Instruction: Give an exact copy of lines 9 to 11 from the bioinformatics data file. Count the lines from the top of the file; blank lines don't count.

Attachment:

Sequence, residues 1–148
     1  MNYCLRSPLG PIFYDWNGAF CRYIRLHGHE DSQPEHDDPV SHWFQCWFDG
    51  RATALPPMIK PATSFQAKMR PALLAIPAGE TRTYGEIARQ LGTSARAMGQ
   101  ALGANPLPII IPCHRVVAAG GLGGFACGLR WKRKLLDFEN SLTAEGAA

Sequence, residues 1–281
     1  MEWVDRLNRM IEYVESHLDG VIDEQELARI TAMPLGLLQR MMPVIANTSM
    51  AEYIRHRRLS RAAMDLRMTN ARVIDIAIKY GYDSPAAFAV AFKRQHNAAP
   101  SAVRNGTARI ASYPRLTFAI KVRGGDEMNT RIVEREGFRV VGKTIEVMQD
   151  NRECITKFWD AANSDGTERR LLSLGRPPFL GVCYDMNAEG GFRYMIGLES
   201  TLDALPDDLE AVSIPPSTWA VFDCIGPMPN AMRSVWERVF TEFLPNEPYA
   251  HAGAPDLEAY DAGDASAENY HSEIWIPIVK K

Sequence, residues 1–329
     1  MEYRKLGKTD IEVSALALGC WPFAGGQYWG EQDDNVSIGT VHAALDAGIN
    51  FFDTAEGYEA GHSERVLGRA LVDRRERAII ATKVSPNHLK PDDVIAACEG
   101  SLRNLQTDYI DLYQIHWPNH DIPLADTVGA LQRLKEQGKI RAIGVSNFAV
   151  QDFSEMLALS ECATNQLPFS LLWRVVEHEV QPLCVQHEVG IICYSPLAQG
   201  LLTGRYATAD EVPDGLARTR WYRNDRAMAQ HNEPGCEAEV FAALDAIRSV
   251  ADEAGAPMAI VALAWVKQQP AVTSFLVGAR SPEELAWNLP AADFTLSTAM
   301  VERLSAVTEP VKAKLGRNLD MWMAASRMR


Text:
   151  NRECITKFWD AANSDGTERR LLSLGRPPFL GVCYDMNAEG GFRYMIGLES
   201  TLDALPDDLE AVSIPPSTWA VFDCIGPMPN AMRSVWERVF TEFLPNEPYA
   251  HAGAPDLEAY DAGDASAENY HSEIWIPIVK K